OGDEN -- David Ferro doesn't just want to build a better computer program, electronic design, automobile, interior design or construction-management model.
Weber State University's new dean of the College of Applied Science & Technology wants to build his students into better people who possess those cutting-edge skills.
"I value general education," said Ferro, a WSU computer science professor for the past decade.
"It's citizen engineers and citizen technologists we want to train. They have to understand the context in which they work, the impact their work has and who is affected.
"It's so much bigger a picture than just fixing a problem. Good graduates help make the economy grow, and good citizens bring a fairness and kindheartedness to their work."
Ferro also has a vision for his college and how it fits into the larger world.
"As a college, we're not just interested in creating technology for its own sake; we're realizing the possibilities for people, the economy and society as a whole," he said.
"You have to understand the greater context of your work. When you do that, you can see opportunities."
Ferro considers his job as dean to be a facilitator.
"I want to facilitate excellence and get out of the way when necessary," he said. "We have excellent people here, and this is an opportunity for me to champion their work.
"A dean needs to be a visionary, looking beyond the college to see what possibilities there are. A dean also needs to be a facilitator, helping people fulfill their potential while moving the whole college in a particular direction.
"In that role, I also need to be a promoter of the college. Our college is full of potential."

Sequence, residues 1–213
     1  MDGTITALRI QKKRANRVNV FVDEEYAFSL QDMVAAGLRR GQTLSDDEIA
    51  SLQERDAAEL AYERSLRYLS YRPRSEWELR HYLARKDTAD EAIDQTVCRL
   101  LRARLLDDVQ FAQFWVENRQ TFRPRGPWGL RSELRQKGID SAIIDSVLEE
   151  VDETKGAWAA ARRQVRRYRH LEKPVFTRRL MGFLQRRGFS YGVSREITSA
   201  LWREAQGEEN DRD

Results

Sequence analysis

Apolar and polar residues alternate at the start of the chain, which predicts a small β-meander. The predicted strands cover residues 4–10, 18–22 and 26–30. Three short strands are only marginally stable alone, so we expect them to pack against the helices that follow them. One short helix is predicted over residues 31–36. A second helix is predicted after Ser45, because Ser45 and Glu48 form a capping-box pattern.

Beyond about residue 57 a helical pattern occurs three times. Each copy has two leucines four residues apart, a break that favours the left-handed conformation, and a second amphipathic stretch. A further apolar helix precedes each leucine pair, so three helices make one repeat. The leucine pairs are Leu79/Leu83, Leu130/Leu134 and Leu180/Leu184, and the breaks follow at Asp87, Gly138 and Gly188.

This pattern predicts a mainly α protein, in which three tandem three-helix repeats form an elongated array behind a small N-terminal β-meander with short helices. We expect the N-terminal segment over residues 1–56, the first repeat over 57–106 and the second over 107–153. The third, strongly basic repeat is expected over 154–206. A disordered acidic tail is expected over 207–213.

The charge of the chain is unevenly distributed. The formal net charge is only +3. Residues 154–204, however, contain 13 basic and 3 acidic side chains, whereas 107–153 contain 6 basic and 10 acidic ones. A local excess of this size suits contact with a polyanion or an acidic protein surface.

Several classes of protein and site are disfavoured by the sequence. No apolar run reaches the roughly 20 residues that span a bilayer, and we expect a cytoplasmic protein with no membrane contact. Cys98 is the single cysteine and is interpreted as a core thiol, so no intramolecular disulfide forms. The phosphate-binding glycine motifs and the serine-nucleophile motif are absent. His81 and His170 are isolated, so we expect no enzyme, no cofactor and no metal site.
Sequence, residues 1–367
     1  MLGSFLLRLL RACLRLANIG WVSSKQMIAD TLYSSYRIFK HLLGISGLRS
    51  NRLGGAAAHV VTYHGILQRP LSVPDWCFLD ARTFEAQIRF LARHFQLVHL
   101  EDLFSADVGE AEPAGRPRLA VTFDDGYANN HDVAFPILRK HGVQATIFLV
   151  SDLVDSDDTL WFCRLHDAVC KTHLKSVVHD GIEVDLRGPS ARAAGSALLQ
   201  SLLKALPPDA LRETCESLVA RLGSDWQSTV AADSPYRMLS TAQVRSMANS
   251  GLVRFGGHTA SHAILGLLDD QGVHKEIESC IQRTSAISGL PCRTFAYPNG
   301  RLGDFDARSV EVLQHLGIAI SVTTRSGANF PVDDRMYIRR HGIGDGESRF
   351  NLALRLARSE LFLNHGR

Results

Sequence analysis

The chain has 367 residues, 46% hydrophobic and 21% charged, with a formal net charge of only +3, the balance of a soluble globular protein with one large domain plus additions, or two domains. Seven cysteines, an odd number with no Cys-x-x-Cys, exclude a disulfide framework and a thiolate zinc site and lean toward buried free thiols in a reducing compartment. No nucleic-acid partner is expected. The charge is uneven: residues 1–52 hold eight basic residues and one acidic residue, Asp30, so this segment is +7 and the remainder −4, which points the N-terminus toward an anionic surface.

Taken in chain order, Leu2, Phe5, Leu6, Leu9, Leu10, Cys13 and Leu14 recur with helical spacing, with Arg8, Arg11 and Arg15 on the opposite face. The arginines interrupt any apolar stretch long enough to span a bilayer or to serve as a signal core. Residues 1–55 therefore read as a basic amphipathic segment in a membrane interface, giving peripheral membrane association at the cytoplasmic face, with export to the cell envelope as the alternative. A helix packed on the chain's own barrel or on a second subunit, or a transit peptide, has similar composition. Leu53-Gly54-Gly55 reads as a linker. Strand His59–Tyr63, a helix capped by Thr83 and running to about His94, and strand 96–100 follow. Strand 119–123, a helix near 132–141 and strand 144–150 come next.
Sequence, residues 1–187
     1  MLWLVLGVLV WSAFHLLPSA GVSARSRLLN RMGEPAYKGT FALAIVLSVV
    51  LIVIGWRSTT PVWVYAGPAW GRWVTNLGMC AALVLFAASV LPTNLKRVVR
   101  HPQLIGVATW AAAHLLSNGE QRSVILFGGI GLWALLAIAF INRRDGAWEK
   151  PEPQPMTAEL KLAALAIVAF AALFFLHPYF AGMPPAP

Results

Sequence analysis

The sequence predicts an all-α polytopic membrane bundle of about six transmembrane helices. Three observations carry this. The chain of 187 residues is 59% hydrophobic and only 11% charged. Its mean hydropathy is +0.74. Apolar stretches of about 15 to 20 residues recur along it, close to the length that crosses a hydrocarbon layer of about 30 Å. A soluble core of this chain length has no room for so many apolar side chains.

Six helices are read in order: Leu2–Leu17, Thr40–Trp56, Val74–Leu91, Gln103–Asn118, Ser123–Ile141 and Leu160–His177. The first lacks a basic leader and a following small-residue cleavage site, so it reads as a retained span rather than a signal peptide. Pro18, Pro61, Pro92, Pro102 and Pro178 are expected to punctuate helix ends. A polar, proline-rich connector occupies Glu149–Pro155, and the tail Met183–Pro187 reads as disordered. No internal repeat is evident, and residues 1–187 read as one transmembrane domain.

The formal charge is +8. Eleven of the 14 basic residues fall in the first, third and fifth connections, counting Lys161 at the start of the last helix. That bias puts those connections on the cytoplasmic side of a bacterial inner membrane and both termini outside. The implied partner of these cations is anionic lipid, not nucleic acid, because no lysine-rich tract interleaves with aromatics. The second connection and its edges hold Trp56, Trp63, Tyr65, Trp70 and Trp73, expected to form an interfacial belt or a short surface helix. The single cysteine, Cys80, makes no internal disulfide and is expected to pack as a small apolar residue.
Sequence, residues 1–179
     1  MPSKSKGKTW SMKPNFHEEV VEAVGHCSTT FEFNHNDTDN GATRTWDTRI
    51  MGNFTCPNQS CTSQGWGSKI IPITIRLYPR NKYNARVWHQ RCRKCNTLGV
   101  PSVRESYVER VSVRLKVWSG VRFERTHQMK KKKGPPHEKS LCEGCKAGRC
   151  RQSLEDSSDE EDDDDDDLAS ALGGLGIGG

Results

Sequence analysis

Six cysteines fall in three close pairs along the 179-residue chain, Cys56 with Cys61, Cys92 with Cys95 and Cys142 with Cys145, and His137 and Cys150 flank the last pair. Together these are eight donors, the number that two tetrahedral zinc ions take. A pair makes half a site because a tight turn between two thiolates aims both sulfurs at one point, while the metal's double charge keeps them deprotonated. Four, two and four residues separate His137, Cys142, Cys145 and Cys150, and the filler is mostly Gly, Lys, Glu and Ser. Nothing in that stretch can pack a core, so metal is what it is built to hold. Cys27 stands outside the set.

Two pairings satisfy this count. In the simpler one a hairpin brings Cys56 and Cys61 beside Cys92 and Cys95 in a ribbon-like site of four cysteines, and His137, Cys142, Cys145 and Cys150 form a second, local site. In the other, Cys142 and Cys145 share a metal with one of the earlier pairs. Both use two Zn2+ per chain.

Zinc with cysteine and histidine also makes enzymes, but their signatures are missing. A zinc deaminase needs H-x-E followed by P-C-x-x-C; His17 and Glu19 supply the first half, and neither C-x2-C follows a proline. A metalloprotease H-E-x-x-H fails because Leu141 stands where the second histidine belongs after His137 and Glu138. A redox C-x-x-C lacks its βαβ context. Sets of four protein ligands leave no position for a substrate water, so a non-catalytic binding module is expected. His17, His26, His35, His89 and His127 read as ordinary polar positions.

The College of Applied Science & Technology includes study areas of automotive, computing, engineering, sales and interior design, teacher education and technology.
Ferro said he looks for opportunities for faculty members in different areas to partner on projects and ways for his college to partner with the local community, as well as with business, governmental and federal entities in the state, nation and world.
"I've been meeting with people here, seeing what they are up to, and meeting with our industry partners and our potential partners," he said.
Ferro recently met with officials at Williams International, a world leader in the development, manufacture and support of gas turbine engines that has facilities in Ogden and Commerce Township, Mich. He even got a rare factory tour.
"My daughter says I have the perfect job," Ferro said.
Ferro and his wife attended graduate school together at Virginia Tech and moved to Ogden when she was hired to teach sociology at Weber State.
Ferro worked at Iomega, then began teaching computer science at WSU. He went from adjunct faculty to dean in a decade.
Ferro is happy that technology is a strong and growing field.
"There are still more jobs out there in technical fields than there are graduates," he said.
"Our customers typically are the people who are going to hire our graduates, and we need to satisfy their needs for skilled, well-rounded individuals."